After storming through the group stage undefeated, Canadian coach Ian Bridge must be feeling pretty confident. He has on his side the tournament's top scorer, Christine Sinclair, one of the revelations of the competition, Kara Lang, and of course they are playing in front of their own supporters. But, like any coach, especially one as experienced as Bridge, he is not looking past his next opponent.
"Once you get into the knockout round, any team can beat any other ... England (the side they will meet in the quarterfinals Sunday) are a well organized team, and we will not take them lightly."
But, there was no hiding his pleasure with how his team seemed focused on beating Nigeria in their final group match. "I am obviously very happy with the result of tonight's match. Nigeria were a fine opponent, and I'm thrilled that we scored two goals while conceding none. I think we were strong on both sides of the pitch. We didn't need to win the match, we were already through, but that's not how we want to play, and I don't think that's how champions should play."
And so, there's the rub. Bridge is trying to get his girls to play like champions, to perform with that sense of entitlement and confidence, while at the same time trying to keep that concept in some distant, futuristic part of their brain. His side have already felt the nerves in this tournament, when they gave a up a lead to fall behind to Denmark in their first match. They eventually settled down and won in dramatic fashion, but clearly it shows the importance of team psychology in an event like this.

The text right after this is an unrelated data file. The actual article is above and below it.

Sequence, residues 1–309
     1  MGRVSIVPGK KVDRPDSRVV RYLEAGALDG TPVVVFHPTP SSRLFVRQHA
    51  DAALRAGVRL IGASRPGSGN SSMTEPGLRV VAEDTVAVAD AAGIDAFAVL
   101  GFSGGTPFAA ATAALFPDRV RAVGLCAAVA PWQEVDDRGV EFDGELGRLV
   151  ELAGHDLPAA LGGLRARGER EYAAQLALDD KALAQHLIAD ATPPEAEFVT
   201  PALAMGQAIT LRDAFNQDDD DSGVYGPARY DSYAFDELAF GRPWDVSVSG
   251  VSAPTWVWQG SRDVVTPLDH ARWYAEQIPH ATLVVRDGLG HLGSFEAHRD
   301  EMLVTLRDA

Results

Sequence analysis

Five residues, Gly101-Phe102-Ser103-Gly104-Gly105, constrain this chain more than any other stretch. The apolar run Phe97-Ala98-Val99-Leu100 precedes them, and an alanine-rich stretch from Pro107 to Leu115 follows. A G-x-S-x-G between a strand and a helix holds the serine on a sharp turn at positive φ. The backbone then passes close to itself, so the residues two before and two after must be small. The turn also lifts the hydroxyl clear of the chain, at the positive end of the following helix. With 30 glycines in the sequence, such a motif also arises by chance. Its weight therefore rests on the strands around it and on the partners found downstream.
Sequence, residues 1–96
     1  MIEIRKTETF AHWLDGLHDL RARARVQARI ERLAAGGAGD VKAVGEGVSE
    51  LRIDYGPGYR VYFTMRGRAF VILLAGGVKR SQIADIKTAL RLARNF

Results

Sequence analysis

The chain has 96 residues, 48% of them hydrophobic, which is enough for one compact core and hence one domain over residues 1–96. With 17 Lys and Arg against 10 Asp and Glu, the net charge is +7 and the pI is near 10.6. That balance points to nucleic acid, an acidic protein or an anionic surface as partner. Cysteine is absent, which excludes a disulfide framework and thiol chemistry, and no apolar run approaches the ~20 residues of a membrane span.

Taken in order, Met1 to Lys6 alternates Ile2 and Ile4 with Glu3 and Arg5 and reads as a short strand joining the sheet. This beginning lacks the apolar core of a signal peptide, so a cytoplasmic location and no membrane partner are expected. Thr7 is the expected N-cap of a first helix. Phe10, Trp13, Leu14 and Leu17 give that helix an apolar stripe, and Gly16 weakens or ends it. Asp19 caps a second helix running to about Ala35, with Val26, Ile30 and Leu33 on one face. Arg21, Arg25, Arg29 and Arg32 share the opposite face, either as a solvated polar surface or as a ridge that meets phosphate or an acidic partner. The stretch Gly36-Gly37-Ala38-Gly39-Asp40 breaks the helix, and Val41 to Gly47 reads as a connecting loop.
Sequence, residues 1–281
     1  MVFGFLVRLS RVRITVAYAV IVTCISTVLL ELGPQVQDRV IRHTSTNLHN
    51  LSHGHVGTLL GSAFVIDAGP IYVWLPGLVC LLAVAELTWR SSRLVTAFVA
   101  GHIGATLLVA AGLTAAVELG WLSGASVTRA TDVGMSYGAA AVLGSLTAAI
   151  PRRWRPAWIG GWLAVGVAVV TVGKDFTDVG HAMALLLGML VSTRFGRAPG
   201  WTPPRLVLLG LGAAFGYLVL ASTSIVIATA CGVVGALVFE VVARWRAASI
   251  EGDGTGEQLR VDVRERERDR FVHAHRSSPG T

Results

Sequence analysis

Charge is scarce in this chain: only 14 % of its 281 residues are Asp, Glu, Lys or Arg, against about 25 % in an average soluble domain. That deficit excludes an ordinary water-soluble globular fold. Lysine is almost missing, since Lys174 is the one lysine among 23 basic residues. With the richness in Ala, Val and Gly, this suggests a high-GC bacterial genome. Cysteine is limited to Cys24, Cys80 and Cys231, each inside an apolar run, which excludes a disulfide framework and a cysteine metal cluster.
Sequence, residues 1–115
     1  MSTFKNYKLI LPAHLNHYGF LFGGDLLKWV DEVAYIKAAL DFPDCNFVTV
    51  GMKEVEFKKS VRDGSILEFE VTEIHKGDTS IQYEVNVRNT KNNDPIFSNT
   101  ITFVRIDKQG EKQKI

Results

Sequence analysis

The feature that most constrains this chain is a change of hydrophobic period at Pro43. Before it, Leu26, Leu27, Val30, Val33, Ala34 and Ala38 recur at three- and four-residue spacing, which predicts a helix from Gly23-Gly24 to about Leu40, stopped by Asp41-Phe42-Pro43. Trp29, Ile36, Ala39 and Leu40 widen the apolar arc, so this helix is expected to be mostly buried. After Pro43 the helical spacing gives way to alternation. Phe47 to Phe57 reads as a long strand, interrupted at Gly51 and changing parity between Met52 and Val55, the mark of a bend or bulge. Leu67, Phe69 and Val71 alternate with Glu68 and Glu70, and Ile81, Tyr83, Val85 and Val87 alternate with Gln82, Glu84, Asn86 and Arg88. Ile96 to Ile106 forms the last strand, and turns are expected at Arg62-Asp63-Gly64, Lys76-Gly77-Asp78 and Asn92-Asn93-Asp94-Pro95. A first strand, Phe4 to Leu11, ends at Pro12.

"I think we've relaxed now. We were pretty tense, with all of the build-up and waiting and everything. But, after the Denmark match, we enjoyed the experience much more against Japan. I think now we feel comfortable, and the crowds have been great."
It helps when you have players like Sinclair and Lang at your disposal. Both have had success with the full national team, and their play for the U-19s has been nothing short of spectacular. Sinclair has scored five goals through the first three matches, while Lang has added three.
"Christine has been great. She creates things on her own. She's a quiet leader for us. It's great having a player like her for sure," says Bridge.
And the 15-year-old Lang, who scored the improbable long-range winner against Denmark?
"Well, she doesn't play like a 15-year-old," he says. "She comes across like a veteran already. She's very poised."
And perhaps that's what it will come down to as the hosts move forward in the tournament. They have the strength and the skill to play with any of the teams left in the field, but will they handle the expectations and the pressure? Can they keep their poise? With Bridge at the helm, talent on the field like Sinclair and Lang, and enthusiastic crowds in Edmonton cheering them on, one wouldn't bet against them.